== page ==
Large cities show similar activity in preparing for waterworks betterment as indicated by the following:
St. Louis, Mo., a bond issue of $20,000,000 is being considered for enlargement of water works.
Cleveland, Ohio, $14,810,000 of’ bonds will be issued for public improvements, principally in the water works.
Dallas, Tex., an election will be called soon to vote on issuing $3,000,000 of bonds for water works improvements.
Kansas City, Mo., is to spend about $1,250,000 on a new storage reservoir and necessary equipment therefor.
Denver, Colo., plans are being made for water works extensions this year which, it is estimated, will cost approximately $600,000.
Baltimore, Md., press reports state this city is planning a new pumping station and a new filtration plant of 120.000,000 gallons capacity.
Newark, N. J., reports state that city is considering an appropriation of $800,000 for water works extensions and improvements.
Waterbury, Conn., will spend between $125,000 and $150,000 on extensions of water mains during current year.
Wheeling, W. Va., plans are being prepared for a filtration plant.
Boston, Mass., city plans to complete high pressure water system this year and build three high pressure pumping stations.
What Will Be Needed This Year
The needs of the water works field will, during the current year, be heavy and will include all kinds and types of apparatus and supplies, for one large improvement or addition usually makes necessary a lot of auxiliary equipment. For instance, an appreciable extension of mains requires, besides pipe, hydrants, valves, and service connection appurtenances where new services are made possible thereby; likewise, an increase in pumping capacity through additional boiler equipment and additional feeder mains, with necessary valves, etc.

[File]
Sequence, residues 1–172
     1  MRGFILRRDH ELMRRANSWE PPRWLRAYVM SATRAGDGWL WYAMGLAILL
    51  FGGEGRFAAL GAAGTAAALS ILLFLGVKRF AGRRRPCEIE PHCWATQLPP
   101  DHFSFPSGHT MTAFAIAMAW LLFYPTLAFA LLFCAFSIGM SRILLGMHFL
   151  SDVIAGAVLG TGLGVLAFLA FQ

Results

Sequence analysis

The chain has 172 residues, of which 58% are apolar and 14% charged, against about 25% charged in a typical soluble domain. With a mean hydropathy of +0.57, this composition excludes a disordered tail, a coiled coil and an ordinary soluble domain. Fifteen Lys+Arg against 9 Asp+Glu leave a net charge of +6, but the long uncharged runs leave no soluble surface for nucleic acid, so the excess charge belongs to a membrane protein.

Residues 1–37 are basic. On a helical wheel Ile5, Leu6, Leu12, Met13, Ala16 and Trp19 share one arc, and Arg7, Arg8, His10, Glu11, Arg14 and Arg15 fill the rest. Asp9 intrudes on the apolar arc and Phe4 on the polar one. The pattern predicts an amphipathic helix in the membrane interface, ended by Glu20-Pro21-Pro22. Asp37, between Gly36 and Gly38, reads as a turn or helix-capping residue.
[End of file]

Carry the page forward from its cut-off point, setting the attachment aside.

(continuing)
Boilers: The difficulty of securing boiler equipment due first to war restrictions and second to diverting factories of such equipment to lines more directly contributing to winning the war brought the number of water works boiler installations down to a minimum during the past two years. The reaction will mean a very busy period for boiler manufacturers during the present year.
Boiler accessories: What has been said of boilers applies equally well to stokers, chain grates, ash and coal conveyors, if not more so. Even though these labor-saving devices were urgently needed during war time, the lingering impression in the minds of some waterworks men that they were luxuries was effective in checking their installation at the first pinch of war economy and well before governmental restrictions were imposed. On the other hand, their excellent performance in all kinds of war industries, working under very high pressure and when the labor problem was most serious, will prove a big impetus in putting automatic stokers, chain grates, ash and coal conveyors in even the most conservative of water plants.